April 29, 2021 3:25 AM EDT

It was a speech heavy on domestic policy, detailing ambitious plans to revamp American infrastructure, education, jobs and healthcare. But at the heart of U.S. President Joe Biden’s first address to Congress late Wednesday lay a theme common with his mercurial predecessor: competition with China to “win the 21st century.”

In a departure from prepared remarks on the eve of his first 100 days in office, Biden felt it necessary to spell out that Chinese President Xi Jinping “is deadly earnest on [China] becoming the most significant, consequential nation in the world. He and others, autocrats, think that democracy can’t compete in the 21st century.”

Referencing a two-hour telephone conversation he had with China’s strongman on the eve of the Lunar New Year holiday in February, Biden said, “I told him that we welcome the competition — and that we are not looking for conflict. But I made absolutely clear that I will defend American interests across the board.”

Biden’s tone was far less acrimonious than that of Donald Trump — who went conspicuously unmentioned throughout the 65-minute address to a half-empty Capitol — but left onlookers in no doubt that checking Beijing’s rise will dominate U.S. foreign policy under the new administration.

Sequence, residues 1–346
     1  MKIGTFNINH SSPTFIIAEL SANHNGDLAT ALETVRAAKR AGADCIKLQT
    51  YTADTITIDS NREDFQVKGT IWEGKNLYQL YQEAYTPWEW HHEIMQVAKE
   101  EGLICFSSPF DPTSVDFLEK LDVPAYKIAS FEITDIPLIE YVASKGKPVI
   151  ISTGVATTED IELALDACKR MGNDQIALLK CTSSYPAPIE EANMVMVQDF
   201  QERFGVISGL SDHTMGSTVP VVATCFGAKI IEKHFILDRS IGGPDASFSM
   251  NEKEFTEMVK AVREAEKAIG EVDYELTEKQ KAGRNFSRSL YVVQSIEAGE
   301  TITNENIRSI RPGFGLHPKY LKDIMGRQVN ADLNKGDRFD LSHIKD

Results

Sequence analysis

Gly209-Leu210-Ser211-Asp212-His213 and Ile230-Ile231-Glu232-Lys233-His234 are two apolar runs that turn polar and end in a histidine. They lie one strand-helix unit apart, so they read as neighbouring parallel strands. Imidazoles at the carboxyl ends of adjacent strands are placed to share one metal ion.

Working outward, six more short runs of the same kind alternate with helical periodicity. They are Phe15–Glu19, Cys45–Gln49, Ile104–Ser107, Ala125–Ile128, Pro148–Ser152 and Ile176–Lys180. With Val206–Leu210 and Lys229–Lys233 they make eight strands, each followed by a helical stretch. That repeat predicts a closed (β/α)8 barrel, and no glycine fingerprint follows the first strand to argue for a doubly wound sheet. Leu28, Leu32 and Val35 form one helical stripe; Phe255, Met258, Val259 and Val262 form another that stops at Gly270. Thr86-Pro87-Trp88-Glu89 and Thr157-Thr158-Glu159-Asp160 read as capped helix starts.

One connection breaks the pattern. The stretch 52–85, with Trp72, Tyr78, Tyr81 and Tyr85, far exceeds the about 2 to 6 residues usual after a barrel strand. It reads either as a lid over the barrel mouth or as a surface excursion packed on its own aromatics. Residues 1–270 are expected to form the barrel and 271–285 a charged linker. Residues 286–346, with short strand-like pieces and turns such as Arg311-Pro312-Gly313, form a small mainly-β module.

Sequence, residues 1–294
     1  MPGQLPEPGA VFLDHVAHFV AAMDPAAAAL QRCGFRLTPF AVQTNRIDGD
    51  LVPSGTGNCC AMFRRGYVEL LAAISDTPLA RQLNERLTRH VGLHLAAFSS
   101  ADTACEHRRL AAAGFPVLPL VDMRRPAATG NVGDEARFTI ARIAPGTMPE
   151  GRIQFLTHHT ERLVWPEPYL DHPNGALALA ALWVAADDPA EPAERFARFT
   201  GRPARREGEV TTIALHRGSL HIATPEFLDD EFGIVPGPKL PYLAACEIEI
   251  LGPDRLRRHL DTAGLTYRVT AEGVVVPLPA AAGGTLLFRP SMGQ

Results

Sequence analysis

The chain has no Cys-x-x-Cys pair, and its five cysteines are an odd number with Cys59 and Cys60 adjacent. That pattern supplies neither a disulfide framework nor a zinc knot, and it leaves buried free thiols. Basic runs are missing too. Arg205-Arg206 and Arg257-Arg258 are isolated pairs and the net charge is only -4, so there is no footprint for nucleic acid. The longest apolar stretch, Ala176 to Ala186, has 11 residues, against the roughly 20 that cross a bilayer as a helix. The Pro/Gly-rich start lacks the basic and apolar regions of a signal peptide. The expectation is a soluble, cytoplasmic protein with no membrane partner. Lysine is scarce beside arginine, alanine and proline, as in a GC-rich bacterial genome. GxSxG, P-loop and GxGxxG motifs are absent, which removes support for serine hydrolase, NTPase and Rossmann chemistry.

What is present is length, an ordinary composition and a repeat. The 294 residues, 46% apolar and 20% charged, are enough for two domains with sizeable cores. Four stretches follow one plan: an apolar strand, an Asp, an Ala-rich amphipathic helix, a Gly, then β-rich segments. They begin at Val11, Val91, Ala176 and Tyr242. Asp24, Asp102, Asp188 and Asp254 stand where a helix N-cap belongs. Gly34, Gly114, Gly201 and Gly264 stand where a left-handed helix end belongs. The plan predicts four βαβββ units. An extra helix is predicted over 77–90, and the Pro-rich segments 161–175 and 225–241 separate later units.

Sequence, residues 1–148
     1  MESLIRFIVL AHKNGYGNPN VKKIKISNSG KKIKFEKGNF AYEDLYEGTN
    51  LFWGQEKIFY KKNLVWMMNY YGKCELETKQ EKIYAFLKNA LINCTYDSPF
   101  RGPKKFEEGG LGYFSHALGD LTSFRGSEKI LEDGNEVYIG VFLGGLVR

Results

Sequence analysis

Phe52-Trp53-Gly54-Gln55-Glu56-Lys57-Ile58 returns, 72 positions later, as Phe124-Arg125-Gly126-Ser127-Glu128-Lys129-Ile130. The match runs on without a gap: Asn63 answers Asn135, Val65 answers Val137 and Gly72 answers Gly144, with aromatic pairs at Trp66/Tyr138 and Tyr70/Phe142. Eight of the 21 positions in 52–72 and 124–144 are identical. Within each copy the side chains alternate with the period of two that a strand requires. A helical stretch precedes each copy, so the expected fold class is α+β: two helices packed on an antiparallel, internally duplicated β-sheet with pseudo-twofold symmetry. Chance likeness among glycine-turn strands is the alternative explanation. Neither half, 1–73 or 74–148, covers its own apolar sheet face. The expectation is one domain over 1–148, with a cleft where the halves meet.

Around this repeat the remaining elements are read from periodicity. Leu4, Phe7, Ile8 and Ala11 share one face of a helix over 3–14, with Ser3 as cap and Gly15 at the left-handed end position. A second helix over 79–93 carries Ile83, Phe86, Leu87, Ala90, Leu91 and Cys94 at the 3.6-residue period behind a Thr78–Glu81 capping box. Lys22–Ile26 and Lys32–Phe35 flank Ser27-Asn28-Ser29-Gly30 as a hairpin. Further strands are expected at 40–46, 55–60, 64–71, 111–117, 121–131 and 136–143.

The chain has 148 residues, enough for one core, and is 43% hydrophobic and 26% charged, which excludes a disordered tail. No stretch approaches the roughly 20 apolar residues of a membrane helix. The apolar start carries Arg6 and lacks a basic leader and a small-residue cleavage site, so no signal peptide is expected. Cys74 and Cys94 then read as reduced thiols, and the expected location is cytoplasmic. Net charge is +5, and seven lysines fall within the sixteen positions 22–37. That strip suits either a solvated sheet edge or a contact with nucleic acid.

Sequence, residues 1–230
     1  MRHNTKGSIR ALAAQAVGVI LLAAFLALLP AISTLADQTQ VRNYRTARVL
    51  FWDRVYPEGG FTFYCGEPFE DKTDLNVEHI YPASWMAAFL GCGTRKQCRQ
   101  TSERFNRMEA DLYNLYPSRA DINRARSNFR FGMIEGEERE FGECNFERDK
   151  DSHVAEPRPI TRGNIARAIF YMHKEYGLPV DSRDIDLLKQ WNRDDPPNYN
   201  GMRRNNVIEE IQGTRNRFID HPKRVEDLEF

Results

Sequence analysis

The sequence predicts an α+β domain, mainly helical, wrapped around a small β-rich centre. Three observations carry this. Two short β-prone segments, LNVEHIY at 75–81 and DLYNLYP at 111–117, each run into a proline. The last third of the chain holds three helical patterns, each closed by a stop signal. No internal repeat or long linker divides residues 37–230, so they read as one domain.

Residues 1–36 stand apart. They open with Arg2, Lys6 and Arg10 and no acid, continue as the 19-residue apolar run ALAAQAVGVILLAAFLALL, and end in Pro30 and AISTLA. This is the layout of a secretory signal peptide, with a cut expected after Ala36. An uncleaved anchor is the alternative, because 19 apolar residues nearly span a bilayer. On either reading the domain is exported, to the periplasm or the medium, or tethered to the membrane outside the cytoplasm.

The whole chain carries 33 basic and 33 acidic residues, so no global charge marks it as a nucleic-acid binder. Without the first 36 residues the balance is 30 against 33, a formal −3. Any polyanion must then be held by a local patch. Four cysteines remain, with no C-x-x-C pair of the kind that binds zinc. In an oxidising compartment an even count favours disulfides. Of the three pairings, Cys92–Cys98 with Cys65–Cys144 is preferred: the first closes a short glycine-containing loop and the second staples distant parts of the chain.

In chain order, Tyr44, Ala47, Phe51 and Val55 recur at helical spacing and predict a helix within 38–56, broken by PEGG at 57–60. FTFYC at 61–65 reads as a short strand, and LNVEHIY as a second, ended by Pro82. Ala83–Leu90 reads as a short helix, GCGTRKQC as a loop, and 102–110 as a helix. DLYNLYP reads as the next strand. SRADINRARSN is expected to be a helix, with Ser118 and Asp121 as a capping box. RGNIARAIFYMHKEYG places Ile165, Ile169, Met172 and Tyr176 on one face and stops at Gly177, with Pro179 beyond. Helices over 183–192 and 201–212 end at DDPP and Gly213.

Read more: How Joe Biden Can Start Fixing Relations With China

“Decades ago, we used to invest 2% of our GDP on research and development,” said Biden. “Today, we spend less than 1%. China and other countries are closing in fast.”

In a departure from the “whole of society” competition that characterized bilateral relations under Trump, the president said that he would seek ways to work with China where interests aligned. In an easing of COVID-19 restrictions Monday, U.S. officials announced that Chinese students due to attend American universities after July 31 were free to enter the country.

Yet there was no mention of an end to the trade war that has so far cost tens of billions of dollars and up to 245,000 American jobs, according to one study. Far from scrapping the tariffs, Biden championed his own nativist economic policy: “American tax dollars are going to be used to buy American products made in America that create American jobs.”